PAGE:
Waukesha Christmas Parade
On November 21, 2021, Darrell E. Brooks killed six and injured sixty-two in the Waukesha Christmas parade attack by driving a sport utility vehicle (SUV) through the annual Christmas procession in Waukesha, Wisconsin, United States.
Six of the murder accusations against Brooks are for first-degree murder, and he faces an additional 70 charges.
It was Brooks’ decision to represent himself in court, and he entered a not guilty plea. On October 3, 2022, his trial formally began.
Brooks, who advocated for the so-called “sovereign citizen” movement during the trial, was removed from the courtroom several times for disrupting proceedings. Brooks was found guilty on all 76 charges on October 26, 2022. He received six terms of life in prison without parole, each to be served in its entirety, plus an additional 763 +14 years. Waukesha Christmas parade
The city of Waukesha, Wisconsin, to the west of Milwaukee, hosts a yearly Christmas parade in its central business district. The COVID-19 epidemic of 2020 caused the cancellation of the parade. In 2021, for the 58th annual parade, the theme was “Comfort and Joy,” and there were over 60 different entries.
During the attack, the perpetrator used a car that looked like a maroon 2010 Ford Escape.
At 4:39 p.m. (CST) on November 21, 2021, a red 2010 Ford Escape SUV traveled through the Waukesha, Wisconsin, city’s annual Christmas parade while traveling at speeds of up to 64 kilometers per hour (approximately 40 miles per hour).
One officer pounded on the SUV’s hood, pleading with the driver to pull over. Still trying to bring the car to a halt, another police opened fire.
Many people who saw the march online or in person recorded it and shared their footage online after the tragedy. Two witnesses informed the media that at first the driver did not stop, even though they could hear cries for help. The driver, according to an eyewitness, was “cool and composed.” According to the police, the driver aimed for the throng and drove in a “zig-zag style” to strike as many individuals as possible. Waukesha Christmas parade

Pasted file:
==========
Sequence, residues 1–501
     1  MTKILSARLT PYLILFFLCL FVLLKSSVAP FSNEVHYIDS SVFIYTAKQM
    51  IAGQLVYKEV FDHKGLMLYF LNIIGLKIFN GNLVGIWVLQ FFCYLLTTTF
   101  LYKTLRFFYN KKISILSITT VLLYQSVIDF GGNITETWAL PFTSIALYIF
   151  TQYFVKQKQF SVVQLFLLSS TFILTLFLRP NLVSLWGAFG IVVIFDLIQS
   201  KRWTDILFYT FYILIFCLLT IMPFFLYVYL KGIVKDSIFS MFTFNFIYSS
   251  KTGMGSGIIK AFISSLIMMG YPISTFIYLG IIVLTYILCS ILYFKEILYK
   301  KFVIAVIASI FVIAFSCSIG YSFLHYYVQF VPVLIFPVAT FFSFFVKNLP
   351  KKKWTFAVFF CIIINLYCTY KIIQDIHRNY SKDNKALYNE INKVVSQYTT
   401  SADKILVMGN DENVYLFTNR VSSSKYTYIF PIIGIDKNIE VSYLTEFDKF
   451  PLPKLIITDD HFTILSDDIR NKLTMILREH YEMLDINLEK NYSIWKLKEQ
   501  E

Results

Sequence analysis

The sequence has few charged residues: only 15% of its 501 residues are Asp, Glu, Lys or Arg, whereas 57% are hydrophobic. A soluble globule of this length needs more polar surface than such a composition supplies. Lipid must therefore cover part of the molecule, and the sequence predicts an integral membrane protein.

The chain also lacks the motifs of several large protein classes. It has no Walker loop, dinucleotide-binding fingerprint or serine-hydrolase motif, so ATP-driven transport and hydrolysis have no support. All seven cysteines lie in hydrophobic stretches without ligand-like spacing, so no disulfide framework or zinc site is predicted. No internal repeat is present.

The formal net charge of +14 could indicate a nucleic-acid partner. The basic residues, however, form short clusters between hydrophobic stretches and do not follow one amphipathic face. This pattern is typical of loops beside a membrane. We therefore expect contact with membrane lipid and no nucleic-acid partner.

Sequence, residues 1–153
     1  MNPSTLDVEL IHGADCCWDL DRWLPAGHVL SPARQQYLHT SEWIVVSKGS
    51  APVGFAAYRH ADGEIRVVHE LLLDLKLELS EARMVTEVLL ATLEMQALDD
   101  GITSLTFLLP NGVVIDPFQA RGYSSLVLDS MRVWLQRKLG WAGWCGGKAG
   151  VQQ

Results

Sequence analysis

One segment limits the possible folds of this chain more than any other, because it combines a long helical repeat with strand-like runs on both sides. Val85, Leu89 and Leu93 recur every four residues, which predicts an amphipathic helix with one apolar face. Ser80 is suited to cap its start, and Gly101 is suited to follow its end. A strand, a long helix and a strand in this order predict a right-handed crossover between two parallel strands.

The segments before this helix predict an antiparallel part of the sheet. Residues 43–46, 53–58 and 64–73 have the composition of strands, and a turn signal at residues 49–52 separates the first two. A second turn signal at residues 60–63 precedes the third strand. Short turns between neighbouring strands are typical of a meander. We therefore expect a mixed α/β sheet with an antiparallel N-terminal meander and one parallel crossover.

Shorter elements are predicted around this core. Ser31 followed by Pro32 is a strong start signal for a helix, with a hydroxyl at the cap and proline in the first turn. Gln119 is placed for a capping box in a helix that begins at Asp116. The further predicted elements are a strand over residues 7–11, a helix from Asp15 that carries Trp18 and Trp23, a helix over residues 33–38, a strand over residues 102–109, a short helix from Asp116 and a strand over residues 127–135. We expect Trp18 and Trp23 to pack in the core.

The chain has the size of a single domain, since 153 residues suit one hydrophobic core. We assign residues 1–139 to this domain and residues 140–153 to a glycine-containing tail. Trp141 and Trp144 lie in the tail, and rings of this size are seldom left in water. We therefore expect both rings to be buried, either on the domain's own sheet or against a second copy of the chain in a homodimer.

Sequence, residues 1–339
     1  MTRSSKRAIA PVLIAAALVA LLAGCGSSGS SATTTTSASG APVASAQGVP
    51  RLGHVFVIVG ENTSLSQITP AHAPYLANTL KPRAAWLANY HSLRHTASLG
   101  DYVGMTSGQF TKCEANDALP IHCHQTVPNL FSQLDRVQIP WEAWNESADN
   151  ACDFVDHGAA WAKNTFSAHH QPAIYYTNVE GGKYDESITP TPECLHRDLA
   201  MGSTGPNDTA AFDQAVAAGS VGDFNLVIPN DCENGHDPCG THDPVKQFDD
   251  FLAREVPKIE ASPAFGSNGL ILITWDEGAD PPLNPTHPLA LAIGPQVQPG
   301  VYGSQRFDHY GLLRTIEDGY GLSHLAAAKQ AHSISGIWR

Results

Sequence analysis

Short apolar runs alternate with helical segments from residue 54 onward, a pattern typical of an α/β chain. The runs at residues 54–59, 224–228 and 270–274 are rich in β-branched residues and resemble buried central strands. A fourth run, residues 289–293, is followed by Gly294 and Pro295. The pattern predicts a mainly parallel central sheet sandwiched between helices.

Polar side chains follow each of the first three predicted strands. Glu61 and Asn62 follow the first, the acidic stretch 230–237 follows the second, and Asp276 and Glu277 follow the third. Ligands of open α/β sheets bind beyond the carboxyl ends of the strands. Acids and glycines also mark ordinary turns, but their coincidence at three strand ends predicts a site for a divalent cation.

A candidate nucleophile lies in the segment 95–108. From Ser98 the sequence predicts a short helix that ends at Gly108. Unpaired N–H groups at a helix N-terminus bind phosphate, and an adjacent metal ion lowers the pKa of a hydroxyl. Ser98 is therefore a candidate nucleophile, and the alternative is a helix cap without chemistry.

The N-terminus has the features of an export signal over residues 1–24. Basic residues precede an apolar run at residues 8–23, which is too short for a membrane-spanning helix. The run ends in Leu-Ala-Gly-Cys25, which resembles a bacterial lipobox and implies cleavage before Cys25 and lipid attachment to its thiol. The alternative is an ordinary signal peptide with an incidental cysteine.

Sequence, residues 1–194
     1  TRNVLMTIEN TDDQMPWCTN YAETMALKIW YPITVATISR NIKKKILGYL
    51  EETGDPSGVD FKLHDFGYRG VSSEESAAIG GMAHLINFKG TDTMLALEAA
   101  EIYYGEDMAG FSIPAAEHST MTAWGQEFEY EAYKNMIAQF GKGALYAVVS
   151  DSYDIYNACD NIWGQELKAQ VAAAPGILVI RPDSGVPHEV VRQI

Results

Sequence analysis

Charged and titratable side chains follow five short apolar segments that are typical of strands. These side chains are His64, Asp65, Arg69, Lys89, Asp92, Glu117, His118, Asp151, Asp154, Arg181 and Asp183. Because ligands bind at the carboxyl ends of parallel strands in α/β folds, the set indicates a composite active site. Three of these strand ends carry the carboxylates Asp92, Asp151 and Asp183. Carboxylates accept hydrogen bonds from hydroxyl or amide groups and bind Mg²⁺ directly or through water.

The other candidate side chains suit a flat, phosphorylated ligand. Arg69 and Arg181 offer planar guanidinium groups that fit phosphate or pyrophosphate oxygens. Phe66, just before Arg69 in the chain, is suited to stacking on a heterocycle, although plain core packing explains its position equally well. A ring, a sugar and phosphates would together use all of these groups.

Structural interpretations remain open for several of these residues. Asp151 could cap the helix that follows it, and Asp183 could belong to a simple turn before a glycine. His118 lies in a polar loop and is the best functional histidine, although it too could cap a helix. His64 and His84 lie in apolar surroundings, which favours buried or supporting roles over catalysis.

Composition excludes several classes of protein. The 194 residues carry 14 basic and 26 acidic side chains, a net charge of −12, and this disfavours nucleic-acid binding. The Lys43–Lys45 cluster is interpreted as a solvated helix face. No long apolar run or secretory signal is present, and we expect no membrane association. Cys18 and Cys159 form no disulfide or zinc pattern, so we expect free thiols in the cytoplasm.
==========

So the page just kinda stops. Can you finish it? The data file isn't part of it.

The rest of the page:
Things people attending the parade left behind at the intersection of Broadway and Main St.
A total of five persons were murdered and forty-eight others were injured as a direct result of the incident.
Four ladies and one guy were confirmed to be among the five fatalities. The Milwaukee Dancing Grannies were an all-grandmother dance troupe, and four of the victims were members of the group.
There were 28 patients admitted to hospitals, nine of them were listed as critical. Seventeen children were hurt, and three of them were at Children’s Wisconsin until early December.
After the death of an eight-year-old child at a hospital on November 23, two days after the incident, the reported number of injured had risen to 62. The deceased spanned the ages of eight to eighty-one. Waukesha Christmas parade
After issuing a shelter-in-place order for a portion of Waukesha, the police department later rescinded the directive. On November 22, the Waukesha School District decided to cancel classes and provide extra counseling services to kids.
A citywide day of mourning was observed on November 22 with vigils. Waukesha observed a moment of silence one week after the assaults. The Children’s Hospital of Wisconsin has set up a crisis help line for families in need of mental health services.
Mrs. Biden attended a memorial service for the victims on December 15 and met privately with their loved ones. In addition to the approximately $1.8 million donated to the United for Waukesha Community Fund, nearly $900,000 was raised on GoFundMe for victims of the attack.
Wheelchair ramps for the homes of individuals injured in the attack and who may need them have been installed free of charge by local contractors. United for Waukesha Community Fund reported raising over $6.2 million for victims of the attack in March 2022.